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A Look at Floyd's Case

Hm, I sense another high traffic day coming on. This is getting interesting in a hurry...

I've downloaded (read only, can't save) the slide show offered by Landis on his website and parsed a few arguments from it. At least from a cursory review of the slideshow, which itself is a cursory review of his case, it looks like he cites the lab for a seemingly unending chain of typos concerning the ID number of the subject rider, making one wonder who exactly was being tested. These aren't to be lightly dismissed, but it seems like there are three bigger points to his case.

On the flip...

  • First point: The sample was contaminated and therefore unreliable.
Remember: More than 5% means the specimen is contaminated or degraded and should not be used. Just like food with mold or maggots, such a sample should not be used. The table shows the math: 7.7% degraded epitestosterone. According to WADA protocol, since the epitestosterone level exceeds 5% (it is 7.7%) the specimen should not have been evaluated for an adverse analytic finding. It should have stopped here.

Pretty straightforward. Sounds like a decent case right there, at least until we hear from the prosecution.

  • Point two: there is a huge disparity in test results.
When the sample was screened for T:E ratio, the calculated ratio was 4.4. When the sample was tested to confirm the ratio, it was 11.8.

Hm, 4.4 is itself a problem, I seem to recall, so I'm not sure they want to pin their hopes on this point too much, but the threefold increase suggests some serious inconsistency in what (we're led to assume) should be a very consistent process.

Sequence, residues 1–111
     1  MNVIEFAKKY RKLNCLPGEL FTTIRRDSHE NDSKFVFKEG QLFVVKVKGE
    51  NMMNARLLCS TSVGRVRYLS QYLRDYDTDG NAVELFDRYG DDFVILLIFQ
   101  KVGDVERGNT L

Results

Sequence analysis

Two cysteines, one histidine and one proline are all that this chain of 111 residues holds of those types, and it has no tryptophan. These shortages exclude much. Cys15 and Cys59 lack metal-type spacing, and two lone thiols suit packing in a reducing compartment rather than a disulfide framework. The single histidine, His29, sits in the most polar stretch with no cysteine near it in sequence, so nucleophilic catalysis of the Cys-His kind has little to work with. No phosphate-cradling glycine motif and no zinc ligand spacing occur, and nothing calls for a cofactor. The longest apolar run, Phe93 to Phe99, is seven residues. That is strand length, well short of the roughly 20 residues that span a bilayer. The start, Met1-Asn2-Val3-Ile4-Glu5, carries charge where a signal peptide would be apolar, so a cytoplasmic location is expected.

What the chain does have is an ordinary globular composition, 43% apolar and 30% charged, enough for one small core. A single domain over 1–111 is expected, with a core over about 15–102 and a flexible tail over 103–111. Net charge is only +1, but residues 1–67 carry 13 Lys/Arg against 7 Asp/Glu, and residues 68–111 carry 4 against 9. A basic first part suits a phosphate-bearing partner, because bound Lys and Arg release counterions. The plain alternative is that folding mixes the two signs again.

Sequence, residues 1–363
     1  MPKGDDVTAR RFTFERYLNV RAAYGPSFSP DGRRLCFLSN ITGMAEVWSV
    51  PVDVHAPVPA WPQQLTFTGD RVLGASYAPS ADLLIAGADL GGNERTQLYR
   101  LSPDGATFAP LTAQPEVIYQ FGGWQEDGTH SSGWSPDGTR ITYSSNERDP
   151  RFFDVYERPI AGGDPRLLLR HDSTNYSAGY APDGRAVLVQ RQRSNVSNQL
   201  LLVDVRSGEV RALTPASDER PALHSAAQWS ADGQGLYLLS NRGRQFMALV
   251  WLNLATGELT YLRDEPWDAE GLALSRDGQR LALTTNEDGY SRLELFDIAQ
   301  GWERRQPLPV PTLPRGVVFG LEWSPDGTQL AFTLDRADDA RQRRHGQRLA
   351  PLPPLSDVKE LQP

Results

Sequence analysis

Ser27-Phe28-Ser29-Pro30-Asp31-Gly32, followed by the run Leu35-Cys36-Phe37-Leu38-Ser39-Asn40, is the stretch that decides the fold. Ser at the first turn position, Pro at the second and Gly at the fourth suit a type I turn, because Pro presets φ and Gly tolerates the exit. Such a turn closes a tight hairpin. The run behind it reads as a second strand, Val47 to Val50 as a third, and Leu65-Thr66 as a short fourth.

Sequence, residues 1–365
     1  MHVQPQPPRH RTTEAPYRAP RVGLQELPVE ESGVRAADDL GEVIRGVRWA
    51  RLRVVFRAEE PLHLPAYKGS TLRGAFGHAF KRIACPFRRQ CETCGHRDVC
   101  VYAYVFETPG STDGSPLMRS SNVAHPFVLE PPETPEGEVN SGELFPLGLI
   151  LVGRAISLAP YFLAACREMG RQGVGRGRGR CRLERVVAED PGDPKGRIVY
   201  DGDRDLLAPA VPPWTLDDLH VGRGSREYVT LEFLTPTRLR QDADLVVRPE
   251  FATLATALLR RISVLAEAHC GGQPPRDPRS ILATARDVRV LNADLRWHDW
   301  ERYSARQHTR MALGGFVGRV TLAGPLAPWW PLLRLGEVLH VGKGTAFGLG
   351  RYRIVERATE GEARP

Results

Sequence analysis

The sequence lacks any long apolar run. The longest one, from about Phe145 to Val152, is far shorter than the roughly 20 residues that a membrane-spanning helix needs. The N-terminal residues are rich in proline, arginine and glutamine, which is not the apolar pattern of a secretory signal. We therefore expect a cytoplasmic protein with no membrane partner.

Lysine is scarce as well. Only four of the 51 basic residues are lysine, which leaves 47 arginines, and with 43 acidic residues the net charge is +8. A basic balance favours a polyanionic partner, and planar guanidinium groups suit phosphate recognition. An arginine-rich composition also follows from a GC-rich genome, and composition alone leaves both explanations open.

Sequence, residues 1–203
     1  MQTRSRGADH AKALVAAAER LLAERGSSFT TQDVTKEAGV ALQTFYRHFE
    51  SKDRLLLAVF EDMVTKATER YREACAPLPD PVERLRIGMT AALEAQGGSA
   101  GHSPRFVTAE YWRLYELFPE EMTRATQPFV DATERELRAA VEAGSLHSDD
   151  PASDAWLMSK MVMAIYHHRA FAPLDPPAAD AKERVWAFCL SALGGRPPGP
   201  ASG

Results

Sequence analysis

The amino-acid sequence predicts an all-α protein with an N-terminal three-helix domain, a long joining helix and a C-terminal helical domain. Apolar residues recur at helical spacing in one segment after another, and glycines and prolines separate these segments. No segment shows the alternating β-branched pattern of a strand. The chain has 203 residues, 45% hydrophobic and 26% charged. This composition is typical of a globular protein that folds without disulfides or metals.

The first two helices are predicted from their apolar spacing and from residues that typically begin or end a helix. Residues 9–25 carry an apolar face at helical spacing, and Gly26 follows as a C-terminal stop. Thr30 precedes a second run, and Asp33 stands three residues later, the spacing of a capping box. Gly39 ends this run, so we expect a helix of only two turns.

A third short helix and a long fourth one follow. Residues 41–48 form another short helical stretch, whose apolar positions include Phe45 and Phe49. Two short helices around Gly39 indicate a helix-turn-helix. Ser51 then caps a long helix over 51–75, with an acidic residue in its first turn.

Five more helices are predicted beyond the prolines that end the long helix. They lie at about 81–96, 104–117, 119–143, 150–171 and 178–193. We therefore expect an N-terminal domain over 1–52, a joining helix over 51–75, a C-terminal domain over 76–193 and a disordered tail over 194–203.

• Point three: the Carbon radioisotope test was applied four times, with three negative results.
Considering the criteria for positive (3.0) and stated accuracy of the lab (±0.8) isotope absolute values must be higher than 3.8. Only one of Floyd's four breakdown products examined even arguably met the criteria to determine a positive result.

OK, so here a 3.0 or higher is a positive test, with 0.8 variable, making 3.8 or higher a clear positive. Floyd's four results were 2.02, 3.51, 2.65, and 6.39. The next slide explains that for some reason the 2.65 result was from the application that should be the most reliable. Making the score one positive, one maybe that looks bad, one maybe that looks good (if the variable is 0.8, then you have to score under 2.2 for a definitive negative), and one clear negative. Now, Jacobs' statement that only one result "even arguably" is positive is overblown -- arguably three of them raise concerns, but only one of them is inarguably positive. Conclusion:

[chirp... chirp...]

For all I know the arguments I skipped over here (e.g. the low testosterone conundrum) are actually more powerful, but these three excerpts are fairly simple cases drawn from empirical data, all of which suggest the case against Landis is somewhere between foggy and complete bullshit. I hate to get sucked in by an accused rider, but this is a far cry from a "disappearing twin" hypothesis. I had wanted to tune out the Landis litigation, but that's not possible anymore.